Second giant panda born in Malaysia makes public debut

A giant panda cub makes the first public appearance at the Malaysian national zoo near Kuala Lumpur May 26, 2018. The female cub, born in January, is the second offspring of its parents "Xing Xing" and "Liang Liang", both arriving in Malaysia from China in 2014. (Xinhua/Chong Voon Chung) 

The second giant panda born in Malaysia made her first public appearance at the national zoo here on Saturday.

The four-month-old cub made her debut on a small platform set inside a room, in front of media cameras outside a glass window.

Her black-and-white fur is fully grown with the typical black eyes.

The female giant panda now weighs 9 kg and is in good health, said Zoo officials.

She will be meeting the public daily inside the room before joining her parents in the open display area in two to three months' time.

Bai Tian, Chinese ambassador to Malaysia, said he expects the baby giant panda to be another envoy to promote friendship between China and Malaysia. He also suggested to hold a online campaign to name the cub.

The baby panda, born in January, is the second offspring of her parents Xing Xing and Liang Liang who arrived in Malaysia in 2014. Their first-born, Nuan Nuan, who is also a female, returned to China in November last year after turning two-year-old. Source:
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This human footprints found in Tabuk is 85,000-year-old

Tokyo: Human footprints dating back to about 85,000 years have been discovered on the banks of an ancient lake in the Nefud Desert in Tabuk region, Prince Sultan bin Salman, president of the Saudi Commission for Tourism and National Heritage (SCTH), announced in Tokyo on Thursday.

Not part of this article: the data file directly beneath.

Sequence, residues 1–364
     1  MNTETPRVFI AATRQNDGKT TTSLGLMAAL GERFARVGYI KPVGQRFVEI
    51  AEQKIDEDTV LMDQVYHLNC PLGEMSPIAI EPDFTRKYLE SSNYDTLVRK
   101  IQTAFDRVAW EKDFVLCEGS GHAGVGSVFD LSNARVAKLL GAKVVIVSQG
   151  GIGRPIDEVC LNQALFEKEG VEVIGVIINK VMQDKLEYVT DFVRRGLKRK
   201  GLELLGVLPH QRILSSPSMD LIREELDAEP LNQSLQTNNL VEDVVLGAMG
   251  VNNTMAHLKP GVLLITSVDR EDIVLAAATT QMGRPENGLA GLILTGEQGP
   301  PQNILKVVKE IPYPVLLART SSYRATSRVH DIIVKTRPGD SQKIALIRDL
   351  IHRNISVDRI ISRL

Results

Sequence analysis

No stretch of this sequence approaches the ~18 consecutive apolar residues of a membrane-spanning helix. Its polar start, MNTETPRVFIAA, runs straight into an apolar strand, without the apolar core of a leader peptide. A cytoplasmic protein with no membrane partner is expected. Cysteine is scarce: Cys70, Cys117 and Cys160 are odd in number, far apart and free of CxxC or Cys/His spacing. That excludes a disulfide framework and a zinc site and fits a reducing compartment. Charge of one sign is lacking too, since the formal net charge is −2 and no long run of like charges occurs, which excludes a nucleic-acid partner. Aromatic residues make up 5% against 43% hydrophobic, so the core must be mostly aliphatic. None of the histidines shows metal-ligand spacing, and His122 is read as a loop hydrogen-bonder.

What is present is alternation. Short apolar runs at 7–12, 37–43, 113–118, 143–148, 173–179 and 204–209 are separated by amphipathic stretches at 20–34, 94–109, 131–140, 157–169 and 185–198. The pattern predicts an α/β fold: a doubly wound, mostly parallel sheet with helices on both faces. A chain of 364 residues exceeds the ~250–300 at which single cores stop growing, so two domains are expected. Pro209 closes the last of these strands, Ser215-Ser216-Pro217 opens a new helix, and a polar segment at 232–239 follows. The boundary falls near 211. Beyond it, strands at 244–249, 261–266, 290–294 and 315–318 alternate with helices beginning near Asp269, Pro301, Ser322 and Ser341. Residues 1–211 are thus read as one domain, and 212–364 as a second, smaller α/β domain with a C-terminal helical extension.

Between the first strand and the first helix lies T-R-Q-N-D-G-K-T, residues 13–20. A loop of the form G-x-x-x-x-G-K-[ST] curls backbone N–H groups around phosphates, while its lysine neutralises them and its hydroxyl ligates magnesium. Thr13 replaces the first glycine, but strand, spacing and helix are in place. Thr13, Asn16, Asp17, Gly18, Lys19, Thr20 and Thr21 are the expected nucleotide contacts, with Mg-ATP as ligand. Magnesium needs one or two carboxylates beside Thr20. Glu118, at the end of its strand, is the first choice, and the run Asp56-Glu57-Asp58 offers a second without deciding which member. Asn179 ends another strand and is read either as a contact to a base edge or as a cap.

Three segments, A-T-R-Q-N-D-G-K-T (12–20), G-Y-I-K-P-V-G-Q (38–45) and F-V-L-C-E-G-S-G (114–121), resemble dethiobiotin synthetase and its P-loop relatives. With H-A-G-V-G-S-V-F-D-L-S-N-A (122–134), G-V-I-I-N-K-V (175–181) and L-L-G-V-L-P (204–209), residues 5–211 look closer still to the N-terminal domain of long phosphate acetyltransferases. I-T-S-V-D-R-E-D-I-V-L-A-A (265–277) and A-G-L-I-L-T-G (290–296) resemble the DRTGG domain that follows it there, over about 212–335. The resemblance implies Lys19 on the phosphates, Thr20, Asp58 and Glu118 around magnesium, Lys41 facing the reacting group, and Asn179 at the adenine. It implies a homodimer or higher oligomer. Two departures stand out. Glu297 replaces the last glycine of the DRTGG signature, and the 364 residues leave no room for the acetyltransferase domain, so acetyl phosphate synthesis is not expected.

This amazing and rare discovery points to a new understanding of how our species came out of Africa en route to colonizing the world.

Prince Sultan’s announcement came on the sidelines of his visit on Thursday to the exhibition entitled “Trade routes in the Arabian Peninsula – the magnificent antiquities of the Kingdom of Saudi Arabia throughout the ages.”

The exhibition, organized by the SCTH in the Japanese National Museum in Tokyo, is scheduled to end on Sunday.

A joint Saudi international team discovered traces of several adults who were scattered on a muddy land in an old lake — each heading to a different destination — in the northwest of Saudi Arabia, Prince Sultan said, according to a Saudi Press Agency (SPA) report on Friday.

The research team included the Saudi Geological Survey, the SCTH, King Saud University, the Max Planck Foundation for Human History, Oxford University, Cambridge University, Australia National, and the University of New South Wales in Australia.

Prince Sultan said the age of the footprints coincides with the fossil of the finger of an adult person recently found near the central site in the province of Taima.

The finger, whose discovery was announced last month, is considered to belong to an adult of the early migrants in recent times to the Arabian Peninsula via the Nefud Desert, which then was a green pasture replete with rivers, lakes, fresh water and abundant animals – a source of food for humans.

Prince Sultan said the SCTH is working side-by-side with archeologists at the Max Planck Institute that has started work with the commission since several years.

The objective is to study these footprints in detail. The archeological and scientific exploratory works are still going on in international laboratories. Source:
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